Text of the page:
A man holds an Estelada (Catalan separatist flag) and a pro-referendum flag as he arrives at a closing rally in favour of the banned October 1 independence referendum in Barcelona, Spain September 29, 2017. Photo: Reuters/Yves Herman

Former French premier Manuel Valls – son of a celebrated Catalan painter – has warned that if an independence referendum this weekend leads to Catalan secession from Spain it would be “the end of Europe” as a meaningful mission.

A report in the Telegraph on Thursday details the potential series of events that could see Valls’ fears realized.

The danger lies in Spain’s threatened retaliation against secession, which includes blocking Catalonia from reentry into the European Union. This would in turn give the region — Spain’s richest and most dynamic – no incentive to uphold their share of Spanish debt liabilities.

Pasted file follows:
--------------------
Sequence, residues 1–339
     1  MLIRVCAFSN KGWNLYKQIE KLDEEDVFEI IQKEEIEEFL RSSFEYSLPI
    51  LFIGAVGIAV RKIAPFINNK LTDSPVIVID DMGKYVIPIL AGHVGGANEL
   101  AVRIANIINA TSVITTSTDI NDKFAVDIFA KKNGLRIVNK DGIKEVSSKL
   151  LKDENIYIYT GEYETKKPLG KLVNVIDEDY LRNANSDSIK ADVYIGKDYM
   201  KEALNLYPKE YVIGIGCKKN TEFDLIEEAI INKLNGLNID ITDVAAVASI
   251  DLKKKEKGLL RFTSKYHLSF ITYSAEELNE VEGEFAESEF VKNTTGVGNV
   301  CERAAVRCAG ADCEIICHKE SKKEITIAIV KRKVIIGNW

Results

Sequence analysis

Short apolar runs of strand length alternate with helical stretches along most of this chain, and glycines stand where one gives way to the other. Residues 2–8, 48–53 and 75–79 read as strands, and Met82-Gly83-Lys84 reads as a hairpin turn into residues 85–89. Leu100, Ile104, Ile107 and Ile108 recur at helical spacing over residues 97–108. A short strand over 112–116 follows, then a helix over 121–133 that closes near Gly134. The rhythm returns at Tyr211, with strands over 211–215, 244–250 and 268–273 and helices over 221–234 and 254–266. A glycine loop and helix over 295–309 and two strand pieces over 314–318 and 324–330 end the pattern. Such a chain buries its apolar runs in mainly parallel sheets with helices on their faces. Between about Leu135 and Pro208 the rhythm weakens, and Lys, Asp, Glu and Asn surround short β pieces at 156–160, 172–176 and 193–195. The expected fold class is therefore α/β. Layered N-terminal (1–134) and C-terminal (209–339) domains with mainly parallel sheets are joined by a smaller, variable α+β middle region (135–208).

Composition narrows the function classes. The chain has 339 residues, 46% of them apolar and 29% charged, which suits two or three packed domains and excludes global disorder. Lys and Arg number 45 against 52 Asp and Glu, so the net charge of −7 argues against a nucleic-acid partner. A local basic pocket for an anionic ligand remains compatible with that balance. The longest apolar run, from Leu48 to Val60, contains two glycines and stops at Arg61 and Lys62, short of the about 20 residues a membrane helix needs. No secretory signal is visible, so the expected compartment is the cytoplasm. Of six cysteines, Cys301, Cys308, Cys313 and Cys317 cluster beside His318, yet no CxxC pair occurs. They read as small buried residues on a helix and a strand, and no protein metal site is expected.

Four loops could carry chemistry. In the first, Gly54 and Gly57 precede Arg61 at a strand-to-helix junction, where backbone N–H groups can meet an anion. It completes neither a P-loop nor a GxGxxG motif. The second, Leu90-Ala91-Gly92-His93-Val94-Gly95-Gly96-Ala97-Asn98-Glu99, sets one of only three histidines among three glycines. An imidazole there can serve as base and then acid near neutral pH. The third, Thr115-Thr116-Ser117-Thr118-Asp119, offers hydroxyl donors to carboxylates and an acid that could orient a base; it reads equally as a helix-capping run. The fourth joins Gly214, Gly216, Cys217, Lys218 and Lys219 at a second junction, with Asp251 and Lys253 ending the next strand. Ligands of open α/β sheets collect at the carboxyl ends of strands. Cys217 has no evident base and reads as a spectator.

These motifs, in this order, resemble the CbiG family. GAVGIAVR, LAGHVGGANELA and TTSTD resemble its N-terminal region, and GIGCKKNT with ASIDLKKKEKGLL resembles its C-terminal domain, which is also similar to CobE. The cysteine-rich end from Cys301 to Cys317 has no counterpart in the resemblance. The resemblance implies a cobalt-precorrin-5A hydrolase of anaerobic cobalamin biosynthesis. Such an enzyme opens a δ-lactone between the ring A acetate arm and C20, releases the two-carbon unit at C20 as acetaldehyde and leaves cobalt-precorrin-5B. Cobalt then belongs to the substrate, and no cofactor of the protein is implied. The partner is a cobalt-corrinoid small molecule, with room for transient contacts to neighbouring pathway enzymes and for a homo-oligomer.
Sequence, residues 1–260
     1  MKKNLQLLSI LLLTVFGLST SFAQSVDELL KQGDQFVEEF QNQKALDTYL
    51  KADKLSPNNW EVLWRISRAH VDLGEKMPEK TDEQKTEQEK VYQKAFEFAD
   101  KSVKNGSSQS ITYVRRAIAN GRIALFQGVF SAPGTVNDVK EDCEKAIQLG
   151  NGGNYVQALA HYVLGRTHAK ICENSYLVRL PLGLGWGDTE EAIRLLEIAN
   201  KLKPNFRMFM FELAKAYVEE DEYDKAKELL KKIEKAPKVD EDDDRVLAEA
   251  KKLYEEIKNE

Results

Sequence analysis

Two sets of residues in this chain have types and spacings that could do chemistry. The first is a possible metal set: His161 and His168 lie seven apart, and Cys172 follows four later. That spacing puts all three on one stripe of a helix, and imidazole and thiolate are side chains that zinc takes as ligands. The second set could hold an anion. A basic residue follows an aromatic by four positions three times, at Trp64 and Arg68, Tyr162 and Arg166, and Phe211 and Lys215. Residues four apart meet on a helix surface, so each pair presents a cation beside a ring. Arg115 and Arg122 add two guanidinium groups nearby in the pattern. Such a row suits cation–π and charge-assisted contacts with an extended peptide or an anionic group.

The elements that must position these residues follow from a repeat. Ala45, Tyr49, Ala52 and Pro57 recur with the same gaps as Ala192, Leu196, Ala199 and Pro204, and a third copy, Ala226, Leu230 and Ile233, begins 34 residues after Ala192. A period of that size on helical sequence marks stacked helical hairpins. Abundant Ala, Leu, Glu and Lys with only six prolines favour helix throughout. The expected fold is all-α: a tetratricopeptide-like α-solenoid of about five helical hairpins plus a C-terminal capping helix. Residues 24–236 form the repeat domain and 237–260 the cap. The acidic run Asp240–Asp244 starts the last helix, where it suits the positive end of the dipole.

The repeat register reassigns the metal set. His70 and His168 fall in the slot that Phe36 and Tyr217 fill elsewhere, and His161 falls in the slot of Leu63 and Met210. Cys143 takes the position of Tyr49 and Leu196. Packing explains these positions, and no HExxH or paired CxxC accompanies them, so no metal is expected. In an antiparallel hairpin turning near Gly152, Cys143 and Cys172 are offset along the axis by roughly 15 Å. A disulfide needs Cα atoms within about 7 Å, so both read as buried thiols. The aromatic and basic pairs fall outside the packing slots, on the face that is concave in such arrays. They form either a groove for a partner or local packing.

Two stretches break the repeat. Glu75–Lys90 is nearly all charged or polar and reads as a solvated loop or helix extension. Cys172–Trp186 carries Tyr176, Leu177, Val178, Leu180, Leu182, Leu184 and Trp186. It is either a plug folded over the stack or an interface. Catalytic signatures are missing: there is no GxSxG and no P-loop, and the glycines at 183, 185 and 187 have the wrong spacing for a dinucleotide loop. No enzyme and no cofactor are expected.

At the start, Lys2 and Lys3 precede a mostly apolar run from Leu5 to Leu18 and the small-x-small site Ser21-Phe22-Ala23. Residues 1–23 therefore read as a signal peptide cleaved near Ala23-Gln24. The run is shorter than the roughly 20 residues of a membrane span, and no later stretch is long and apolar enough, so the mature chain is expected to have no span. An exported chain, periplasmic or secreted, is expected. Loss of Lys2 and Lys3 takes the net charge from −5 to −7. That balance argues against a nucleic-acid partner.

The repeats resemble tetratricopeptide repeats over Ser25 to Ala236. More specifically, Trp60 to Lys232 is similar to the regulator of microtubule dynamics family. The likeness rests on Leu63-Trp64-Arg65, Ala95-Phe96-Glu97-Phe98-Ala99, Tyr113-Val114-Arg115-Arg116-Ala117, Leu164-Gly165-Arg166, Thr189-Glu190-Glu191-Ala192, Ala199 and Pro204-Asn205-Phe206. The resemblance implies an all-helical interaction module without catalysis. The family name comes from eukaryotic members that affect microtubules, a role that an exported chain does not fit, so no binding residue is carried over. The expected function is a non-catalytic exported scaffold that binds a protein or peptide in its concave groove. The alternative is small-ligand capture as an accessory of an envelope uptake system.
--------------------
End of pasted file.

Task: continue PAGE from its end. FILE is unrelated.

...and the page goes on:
Brexit is the least of the European Union’s problems, Ambrose Evans-Pritchard writes:

We will find out on Sunday whether or not the Catalan people turn out to queue defiantly at locked polling stations, manned by the Guardia Civil. A declaration of unilateral independence is not yet “on the table”, said Mr Puigdemont. Not yet.

The EU is in a horrible bind. It faces a rule of law crisis in Hungary and Poland. It faces an East European revolt over migrant quotas. Its relations with Turkey have turned hostile. Now Spain is threatening to break up the euro unless the Catalans come to heel.

Brexit is surely the least of their problems, and one that can be solved so easily with an ounce of common sense.

Despite the purported end to creeping populism heralded by some after the election of Emanuel Macron in France, Europe is far from resolving its political challenges.